Short History of Railroads
Railway switch patented by Charles Fox
1832 - Railway switch patented by Charles Fox
Before the railway switch, railroads used a device called wagon turnplates or a sliding rail.
This device resembled the modern turntable used to turn locomotives around or move them to different tracks in a train yard. In the sliding rail, the track was mounted to a circular wheel that rotated around the center of the device. The wheel's diameter was governed by the length of the wagon used on the railroad, or tramway. To switch the device, the horses pulled the wagon onto the turnplate and unhitched. A tramway employee then had to rotate the turnplate so the rails matched that of the track he wanted to switch it to. Then the horses were hitched and the wagon could move along the new route. This was a cumbersome process that limited wagon size to that of the diameter of the turnplate and limited the weight on the wagon. Mr. Fox's invention changed this.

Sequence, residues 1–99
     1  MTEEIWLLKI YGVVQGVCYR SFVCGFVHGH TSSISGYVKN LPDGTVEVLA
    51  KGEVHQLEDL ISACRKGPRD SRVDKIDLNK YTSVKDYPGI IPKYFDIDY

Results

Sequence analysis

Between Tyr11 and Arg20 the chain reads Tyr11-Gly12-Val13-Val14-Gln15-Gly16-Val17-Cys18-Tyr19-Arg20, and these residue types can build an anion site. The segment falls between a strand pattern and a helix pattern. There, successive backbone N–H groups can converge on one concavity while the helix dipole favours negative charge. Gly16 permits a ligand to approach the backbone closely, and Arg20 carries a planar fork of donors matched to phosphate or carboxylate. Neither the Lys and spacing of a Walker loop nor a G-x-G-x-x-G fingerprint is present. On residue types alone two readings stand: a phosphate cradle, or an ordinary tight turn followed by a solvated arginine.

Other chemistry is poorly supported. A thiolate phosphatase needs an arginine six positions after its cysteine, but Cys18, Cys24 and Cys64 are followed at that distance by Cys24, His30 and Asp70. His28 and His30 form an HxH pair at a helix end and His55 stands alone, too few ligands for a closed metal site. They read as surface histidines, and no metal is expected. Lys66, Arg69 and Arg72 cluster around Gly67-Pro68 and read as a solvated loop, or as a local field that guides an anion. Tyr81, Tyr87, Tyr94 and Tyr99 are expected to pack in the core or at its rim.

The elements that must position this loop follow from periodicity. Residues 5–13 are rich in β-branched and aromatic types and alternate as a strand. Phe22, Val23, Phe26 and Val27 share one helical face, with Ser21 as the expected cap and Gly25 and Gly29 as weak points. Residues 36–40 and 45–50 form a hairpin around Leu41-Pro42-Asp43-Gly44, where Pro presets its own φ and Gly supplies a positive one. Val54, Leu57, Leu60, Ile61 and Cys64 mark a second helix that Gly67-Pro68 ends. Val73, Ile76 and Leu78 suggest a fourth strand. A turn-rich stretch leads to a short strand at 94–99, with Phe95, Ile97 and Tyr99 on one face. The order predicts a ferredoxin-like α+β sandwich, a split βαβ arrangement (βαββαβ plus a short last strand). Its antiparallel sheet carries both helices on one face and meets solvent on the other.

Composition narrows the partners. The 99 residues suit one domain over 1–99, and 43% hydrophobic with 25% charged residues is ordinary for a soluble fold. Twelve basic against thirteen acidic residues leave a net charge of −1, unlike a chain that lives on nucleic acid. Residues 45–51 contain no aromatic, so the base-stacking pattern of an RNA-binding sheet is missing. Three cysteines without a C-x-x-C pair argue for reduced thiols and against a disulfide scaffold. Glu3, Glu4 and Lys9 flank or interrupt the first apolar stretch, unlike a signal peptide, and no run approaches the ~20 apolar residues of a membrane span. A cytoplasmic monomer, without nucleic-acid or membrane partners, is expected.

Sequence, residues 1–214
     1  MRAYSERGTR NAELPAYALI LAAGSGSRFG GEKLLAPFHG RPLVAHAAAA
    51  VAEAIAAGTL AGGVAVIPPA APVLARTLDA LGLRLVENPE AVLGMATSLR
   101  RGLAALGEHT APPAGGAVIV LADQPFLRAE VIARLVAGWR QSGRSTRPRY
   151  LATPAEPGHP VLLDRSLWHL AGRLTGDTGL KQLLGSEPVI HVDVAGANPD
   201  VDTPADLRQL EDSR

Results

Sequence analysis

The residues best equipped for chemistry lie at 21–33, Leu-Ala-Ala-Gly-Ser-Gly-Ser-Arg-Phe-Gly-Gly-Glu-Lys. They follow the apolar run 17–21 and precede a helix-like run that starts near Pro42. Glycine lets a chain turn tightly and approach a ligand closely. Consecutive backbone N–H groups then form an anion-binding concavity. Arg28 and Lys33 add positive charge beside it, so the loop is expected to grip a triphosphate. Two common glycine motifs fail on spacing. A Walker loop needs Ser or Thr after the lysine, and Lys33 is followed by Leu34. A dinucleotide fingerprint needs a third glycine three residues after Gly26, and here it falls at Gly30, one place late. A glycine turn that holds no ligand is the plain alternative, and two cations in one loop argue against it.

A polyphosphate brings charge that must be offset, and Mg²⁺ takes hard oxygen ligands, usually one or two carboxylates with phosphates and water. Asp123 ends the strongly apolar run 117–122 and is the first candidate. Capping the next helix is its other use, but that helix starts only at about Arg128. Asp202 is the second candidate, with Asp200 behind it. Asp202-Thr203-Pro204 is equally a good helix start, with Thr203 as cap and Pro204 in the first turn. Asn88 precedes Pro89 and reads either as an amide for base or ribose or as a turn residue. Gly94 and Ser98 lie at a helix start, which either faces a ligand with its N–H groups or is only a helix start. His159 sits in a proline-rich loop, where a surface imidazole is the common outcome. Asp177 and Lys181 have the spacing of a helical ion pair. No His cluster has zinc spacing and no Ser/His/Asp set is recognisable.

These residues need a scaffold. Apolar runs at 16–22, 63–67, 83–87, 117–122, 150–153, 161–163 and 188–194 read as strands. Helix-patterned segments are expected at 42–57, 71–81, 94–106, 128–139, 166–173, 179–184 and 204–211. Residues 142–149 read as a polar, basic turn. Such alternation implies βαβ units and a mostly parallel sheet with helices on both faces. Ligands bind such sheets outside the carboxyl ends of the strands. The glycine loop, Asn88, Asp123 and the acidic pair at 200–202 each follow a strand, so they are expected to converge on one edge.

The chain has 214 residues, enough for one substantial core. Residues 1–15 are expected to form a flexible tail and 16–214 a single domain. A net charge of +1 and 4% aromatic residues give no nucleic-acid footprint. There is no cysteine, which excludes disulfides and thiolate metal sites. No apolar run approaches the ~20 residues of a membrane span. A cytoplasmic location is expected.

The Rail Switch
The rail switch, or railway points, employed a set of linked, tapering rails that are synchronized in movement. These moving rails can be moved into one of two positions, one that allows the train to go straight or another position that turns the train onto a divergent set of rails. In the days before electrically powered switches, a railroad employee still had to manually operate the switch; however the train remained moving as it crossed the switch. The rail switch could accommodate any length of locomotive or rolling stock. As railroads switched over from horse drawn wagons to steam driven locomotives the rail switch proved a much more versatile mechanism for switching engines. The turnplate survives, with many improvements, as a means of moving locomotives around in a train yard or turning an engine around.